It’s a shortcut!
How many stories take a turn for the worse right at that point? I remember a recent circumstance where someone who knew the highway system so well, they distrusted the GPS coupled with real-time traffic reports. I was assured I would be going out of the way and adding twenty minutes to our trip if I traveled how Google Maps suggested I go.
After all, what does a machine calculating average speed, traffic conditions, and road constructions possibly know about getting me from point A to point B quickly? This “shortcut” added nearly thirty minutes to the trip. Which one of us was more wrong: the navigator or the driver who followed his advice knowing it wasn’t right?
Have you ever taken a shortcut that ended up taking you longer? Maybe this wasn’t a geographical shortcut but a shortcut in a process or conversation. Instead of doing something the “long way”, you tried a “shortcut” and it didn’t pay off. Has that ever happened to you?
This is the subject of Ecclesiastes 7:7 (NIV) as we consider the words of the teacher:
Extortion turns a wise person into a fool, and a bribe corrupts the heart.
The very fact a “wise person” accepts a bribe demonstrates they aren’t wise at all. If their counsel and favor can be bought, then it really isn’t worth all that much.
While being a Biblical piece of wisdom, this one certainly makes sense to us. Bribes create corruption in the heart and taints the leadership of the person in the lives of the people. While it may seem to be the expedient way to get things done, it fans the flames of sinfulness already residing in the heart.
Whether in King Solomon’s day or ours, political leaders cease to do what is best for the people when kickbacks and payoffs are the order of the day. When a leader can be bought, they are merely using their position of authority for themselves. In any millennia, we know the frustration this brings.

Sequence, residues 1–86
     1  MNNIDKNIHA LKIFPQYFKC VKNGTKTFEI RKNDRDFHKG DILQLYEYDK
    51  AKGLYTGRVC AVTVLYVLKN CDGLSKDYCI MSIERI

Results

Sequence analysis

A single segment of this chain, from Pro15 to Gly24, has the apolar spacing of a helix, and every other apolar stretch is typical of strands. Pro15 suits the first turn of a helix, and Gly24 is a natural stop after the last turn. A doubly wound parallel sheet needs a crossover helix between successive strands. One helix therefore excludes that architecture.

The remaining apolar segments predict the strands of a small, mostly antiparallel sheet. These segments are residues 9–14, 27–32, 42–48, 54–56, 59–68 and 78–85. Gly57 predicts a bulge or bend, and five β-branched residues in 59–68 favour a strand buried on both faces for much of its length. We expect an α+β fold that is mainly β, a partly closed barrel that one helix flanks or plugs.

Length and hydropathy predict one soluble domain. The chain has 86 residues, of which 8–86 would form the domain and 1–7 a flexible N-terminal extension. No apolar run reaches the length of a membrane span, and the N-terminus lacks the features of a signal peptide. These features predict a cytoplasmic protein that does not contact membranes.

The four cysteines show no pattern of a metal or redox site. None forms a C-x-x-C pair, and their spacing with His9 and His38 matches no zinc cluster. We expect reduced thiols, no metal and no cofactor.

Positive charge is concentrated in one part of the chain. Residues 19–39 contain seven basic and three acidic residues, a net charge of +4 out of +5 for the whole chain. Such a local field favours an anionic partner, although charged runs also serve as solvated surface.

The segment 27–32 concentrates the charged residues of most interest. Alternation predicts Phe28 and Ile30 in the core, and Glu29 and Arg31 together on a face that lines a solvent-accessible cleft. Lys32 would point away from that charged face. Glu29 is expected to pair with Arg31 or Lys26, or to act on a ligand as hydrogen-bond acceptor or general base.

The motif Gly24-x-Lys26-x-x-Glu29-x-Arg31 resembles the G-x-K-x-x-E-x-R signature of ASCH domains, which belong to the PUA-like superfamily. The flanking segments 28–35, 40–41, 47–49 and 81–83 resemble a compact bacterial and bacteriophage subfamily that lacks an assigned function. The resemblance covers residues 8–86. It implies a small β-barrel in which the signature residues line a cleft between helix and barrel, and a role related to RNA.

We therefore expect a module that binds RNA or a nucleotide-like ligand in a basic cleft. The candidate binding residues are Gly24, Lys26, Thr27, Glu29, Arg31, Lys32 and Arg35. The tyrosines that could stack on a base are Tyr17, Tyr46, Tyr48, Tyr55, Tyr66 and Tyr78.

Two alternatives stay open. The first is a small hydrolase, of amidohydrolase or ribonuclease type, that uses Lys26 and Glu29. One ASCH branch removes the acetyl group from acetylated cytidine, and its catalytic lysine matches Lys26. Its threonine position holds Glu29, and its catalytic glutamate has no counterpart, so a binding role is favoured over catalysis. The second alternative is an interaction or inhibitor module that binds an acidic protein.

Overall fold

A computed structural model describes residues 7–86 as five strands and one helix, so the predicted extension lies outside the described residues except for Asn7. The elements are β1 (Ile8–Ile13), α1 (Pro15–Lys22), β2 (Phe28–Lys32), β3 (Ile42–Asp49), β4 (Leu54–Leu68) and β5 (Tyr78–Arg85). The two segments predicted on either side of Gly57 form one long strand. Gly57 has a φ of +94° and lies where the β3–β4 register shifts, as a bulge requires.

An interesting question that emerges from this understanding is this: for those of us in democratic governments, why do we tolerate this from our leaders? If extortion and bribes turn the wise into fools, then why would we allow fools to lead us? Who’s the greater fool?
But what about the vast majority of us not in political leadership: what’s the warning for us? Don’t use your position to better your station in life, but use it to advance the mission of the organization you belong to.
In other words, don’t accept bribes because it compromises you. For example, don’t change the report to say what the boss wants to see because your manager offers you a promotion, pay raise, or lunch for it. Don’t bow to the social pressure to compromise truth for the sake of expediency. That’s foolish behavior and terribly short-sighted.
We’re faced with all kinds of situations where we allow our wisdom to fly out of the window in favor for “getting things done”. Don’t go there. You’ll regret it. Shortcuts are usually more “cut” than “short”. They hurt us. Make us bleed. Injure us. Compromise us.
Beware of shortcuts: they can turn us into fools.